In today’s issue, we’ve got the Old Testament version of Core Web Vitals, pirate weather, and the Turbopack + That’s So Raven crossover you never knew you wanted.
Welcome to #152.
When you ship your app in 1/2 the time with 2x better perf
January is everybody’s favorite time to set goals — like reading more books, learning VIM, or, if you’re Tamagui 1.0, helping developers ship cross-platform React apps “in half the time with 2x better performance”.
Since everyone has probably already given up on those first two, let’s break down everyone’s favorite “Pokémon or React Library” project.
If you’re unfamiliar, Tamagui is a universal UI kit and style system for React Native and the Web. WTF does that mean? Glad you asked. It has three parts.
Tamagui Core: is a cross-platform style library that sits on top of React Native and works backwards from ideal syntax (for both inline styles and hooks). This allows you to create and use fully-featured design systems that are typed, themed, and able to run the same on web and native. This increased code sharing can (in theory) dramatically reduce cross-platform development time.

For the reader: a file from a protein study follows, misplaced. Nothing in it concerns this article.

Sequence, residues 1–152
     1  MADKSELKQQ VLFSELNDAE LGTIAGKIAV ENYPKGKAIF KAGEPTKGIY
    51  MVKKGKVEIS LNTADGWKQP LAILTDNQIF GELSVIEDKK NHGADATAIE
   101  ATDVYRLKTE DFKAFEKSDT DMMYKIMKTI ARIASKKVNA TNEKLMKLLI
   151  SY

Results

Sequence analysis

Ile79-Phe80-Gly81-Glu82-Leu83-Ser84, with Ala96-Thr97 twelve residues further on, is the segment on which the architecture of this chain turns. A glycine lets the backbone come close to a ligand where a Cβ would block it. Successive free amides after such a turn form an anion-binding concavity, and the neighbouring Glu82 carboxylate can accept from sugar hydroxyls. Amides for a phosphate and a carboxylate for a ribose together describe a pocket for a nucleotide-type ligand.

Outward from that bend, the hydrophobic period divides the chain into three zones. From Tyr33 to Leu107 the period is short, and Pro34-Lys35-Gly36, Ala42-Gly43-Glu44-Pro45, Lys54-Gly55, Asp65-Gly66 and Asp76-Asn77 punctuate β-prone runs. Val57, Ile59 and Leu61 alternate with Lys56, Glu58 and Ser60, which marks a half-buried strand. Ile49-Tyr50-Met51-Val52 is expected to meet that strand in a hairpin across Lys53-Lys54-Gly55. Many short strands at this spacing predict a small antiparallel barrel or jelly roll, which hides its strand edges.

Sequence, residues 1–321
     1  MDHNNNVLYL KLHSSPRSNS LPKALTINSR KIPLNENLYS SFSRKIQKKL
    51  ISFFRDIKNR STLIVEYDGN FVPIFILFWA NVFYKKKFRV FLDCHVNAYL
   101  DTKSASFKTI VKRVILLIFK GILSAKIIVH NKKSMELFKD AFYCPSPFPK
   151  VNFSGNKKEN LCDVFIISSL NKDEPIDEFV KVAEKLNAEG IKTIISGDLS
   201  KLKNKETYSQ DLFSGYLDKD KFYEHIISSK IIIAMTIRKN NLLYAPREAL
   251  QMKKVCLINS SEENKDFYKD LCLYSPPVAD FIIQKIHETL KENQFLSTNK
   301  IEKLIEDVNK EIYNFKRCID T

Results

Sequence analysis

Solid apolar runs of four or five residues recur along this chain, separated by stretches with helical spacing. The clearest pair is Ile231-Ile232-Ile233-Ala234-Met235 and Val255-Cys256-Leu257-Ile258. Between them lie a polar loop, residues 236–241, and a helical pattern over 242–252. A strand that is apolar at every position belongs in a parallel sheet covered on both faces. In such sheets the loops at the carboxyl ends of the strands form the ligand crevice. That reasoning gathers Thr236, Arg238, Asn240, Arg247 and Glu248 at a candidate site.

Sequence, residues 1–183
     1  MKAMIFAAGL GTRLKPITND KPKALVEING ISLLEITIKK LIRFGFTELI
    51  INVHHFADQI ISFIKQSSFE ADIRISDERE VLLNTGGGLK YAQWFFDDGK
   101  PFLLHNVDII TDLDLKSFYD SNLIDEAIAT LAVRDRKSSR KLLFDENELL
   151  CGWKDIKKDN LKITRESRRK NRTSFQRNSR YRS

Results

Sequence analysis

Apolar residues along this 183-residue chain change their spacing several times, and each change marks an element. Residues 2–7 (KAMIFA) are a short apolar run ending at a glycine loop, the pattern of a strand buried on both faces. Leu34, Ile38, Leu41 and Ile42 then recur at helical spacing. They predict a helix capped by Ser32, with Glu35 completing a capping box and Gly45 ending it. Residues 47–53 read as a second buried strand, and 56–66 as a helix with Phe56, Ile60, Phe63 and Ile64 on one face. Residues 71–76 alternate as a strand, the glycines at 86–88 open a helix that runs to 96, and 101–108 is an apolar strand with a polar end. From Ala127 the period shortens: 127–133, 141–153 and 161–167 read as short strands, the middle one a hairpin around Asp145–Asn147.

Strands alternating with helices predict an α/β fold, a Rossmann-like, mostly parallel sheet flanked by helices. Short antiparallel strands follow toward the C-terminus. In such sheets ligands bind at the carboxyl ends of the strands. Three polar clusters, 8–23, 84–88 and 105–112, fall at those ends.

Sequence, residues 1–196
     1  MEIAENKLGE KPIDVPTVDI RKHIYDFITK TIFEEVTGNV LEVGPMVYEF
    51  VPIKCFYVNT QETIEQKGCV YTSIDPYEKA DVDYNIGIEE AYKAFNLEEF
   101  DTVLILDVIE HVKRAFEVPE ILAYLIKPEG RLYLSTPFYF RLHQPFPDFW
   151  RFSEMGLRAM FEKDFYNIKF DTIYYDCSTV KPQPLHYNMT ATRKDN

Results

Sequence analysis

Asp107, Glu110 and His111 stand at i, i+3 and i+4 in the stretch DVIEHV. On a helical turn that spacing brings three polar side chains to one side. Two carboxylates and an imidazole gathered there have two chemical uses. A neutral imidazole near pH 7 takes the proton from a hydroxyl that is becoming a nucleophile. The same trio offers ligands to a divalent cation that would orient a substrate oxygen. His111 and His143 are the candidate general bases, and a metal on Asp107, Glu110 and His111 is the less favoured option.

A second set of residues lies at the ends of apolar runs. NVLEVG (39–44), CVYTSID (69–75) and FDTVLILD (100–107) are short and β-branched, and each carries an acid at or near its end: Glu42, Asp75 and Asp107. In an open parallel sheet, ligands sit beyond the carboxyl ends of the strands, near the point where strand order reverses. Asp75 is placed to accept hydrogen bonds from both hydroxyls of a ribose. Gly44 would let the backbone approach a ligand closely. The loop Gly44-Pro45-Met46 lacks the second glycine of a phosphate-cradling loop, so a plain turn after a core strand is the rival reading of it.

Tamagui UI (pronounced “Tamag-we-we”): is a component kit that’s built on top of the core library’s theme primitives and works seamlessly across web and native. Composable component APIs give you highly granular control over styling, and v1.0 added lots of new components.
Bottom Line: The Tamagui hype train has been rolling for months now. And now that we have a stable 1.0 release, we’ll be able to see if the library is able to get more mainstream adoption and live up to its promise of unlocking React Native’s cross platform-y goodness on a deeper level.
Let the power flow through you
Have you ever though to yourself, “What if Geocities was still around and also had a baby with modern web development?”
Me neither. But Dynaboard did, and that’s why they were crazy enough to build it. So now you can use their platform to build fully customized, modern full-stack web apps in one sitting — without all the complexity. Here’s how: